WA Pushes to Reinstate Drillers After Skilled Occupation List Removal

The House of Representatives member for Western Australia, Rick Wilson, has vowed to push the Turnbull government to address a skills shortage that he says is seriously hindering the Goldfields mining industry.

The issue began last year with the Federal Government’s decision to remove drillers from the skilled occupation list, a move which only compounded problems caused by the lack of locally available Australian talent.

The exclusion has prompted numerous mining executives—such as Ausdrill head Ron Sayers, and DDH1 Drilling boss Murray Pollock—to publicly call on the government to reverse their decision. They say this is of crucial importance as the industry experiences another activity ramp-up after the downturn.

In response, Wilson vowed to bring the issue to the Minister for the Department of Home Affairs, Peter Dutton, in an attempt to reverse the decision to remove drillers from the skilled occupation list.

“We understand the labour market is constantly changing and the skilled migration list will be reviewed in July this year,” Wilson said.

“Given I’m starting to hear about some concerns from industry based in the Goldfields, I’ll be writing to Immigration Minister Peter Dutton to clarify the Government’s rationale for this and what options we might have in the short term.”

The industry is also facing challenges in retaining lower-level staff, with Kalgoorlie-based mining firm Topdrill experiencing a problematically high turn-over rate. Certain drilling companies have even been forced to hire local backpackers to take on some short-term roles, thanks to a rising demand for gold that is currently breaching mining-boom levels.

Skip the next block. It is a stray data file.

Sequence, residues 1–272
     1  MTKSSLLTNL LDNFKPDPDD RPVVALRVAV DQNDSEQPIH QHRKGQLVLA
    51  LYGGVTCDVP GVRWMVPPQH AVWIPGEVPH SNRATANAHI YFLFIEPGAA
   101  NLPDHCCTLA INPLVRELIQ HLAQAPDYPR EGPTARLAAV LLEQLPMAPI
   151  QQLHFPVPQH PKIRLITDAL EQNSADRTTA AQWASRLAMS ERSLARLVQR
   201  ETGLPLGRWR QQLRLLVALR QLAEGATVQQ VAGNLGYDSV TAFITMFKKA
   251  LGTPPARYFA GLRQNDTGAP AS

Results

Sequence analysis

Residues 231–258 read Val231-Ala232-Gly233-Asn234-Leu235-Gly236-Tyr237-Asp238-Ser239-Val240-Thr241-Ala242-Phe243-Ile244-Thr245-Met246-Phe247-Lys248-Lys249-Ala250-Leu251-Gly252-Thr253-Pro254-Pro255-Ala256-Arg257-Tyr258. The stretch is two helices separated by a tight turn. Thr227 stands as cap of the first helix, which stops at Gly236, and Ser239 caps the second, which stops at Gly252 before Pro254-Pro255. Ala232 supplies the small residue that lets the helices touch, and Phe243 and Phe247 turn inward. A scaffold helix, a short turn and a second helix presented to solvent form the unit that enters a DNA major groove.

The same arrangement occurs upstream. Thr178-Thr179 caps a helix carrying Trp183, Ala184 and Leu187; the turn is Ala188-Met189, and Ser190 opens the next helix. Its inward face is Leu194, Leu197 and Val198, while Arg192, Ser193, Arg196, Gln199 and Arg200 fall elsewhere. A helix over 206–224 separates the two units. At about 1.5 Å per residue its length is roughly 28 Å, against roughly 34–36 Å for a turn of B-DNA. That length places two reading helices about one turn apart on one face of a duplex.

According to Topdrill general manager, Rob Connor, “we keep our senior people, our drillers and our supervisors, but entry-level staff, that offsider phase, turnover is up around 55 per cent”.

“So it’s just a revolving door and that’s going to be the biggest issue to any further expansion of our business and to servicing the contracts that we have. At any point in time we need another 30 guys, so it’s a balancing act to try and keep it all together and keep it all running.”

“We struggle, and we’ve tried backpackers, we’ve tried everyone, to fill these entry-level positions,” Connor said.

Rick Wilson has also invited the Minister for Jobs and Employment, Michaelia Cash, to visit the region to offer her assessment of the skills-shortage issue.

“My preference is always to address shortages in the labour market by employing Australians before we look at migrant visa programs,” Wilson said.

“We’ve also been working hard to address some of the social problems in the Goldfields, which have been identified as one of the factors contributing to the issue.”

According to a Senior Migration Agent for Absolute Immigration, Grant Frankcombe, there may also be other ways of bringing in the foreign workers that are needed for the industry to stay afloat.

“Labour Agreements are also a way for companies to gain access to skilled workers from overseas when there is a demand that cannot be met from the local Australian workforce, and where existing visa programs are not available,” Frankcombe said.

“Absolute Immigration can assist client with strategies to meet their workforce needs.”

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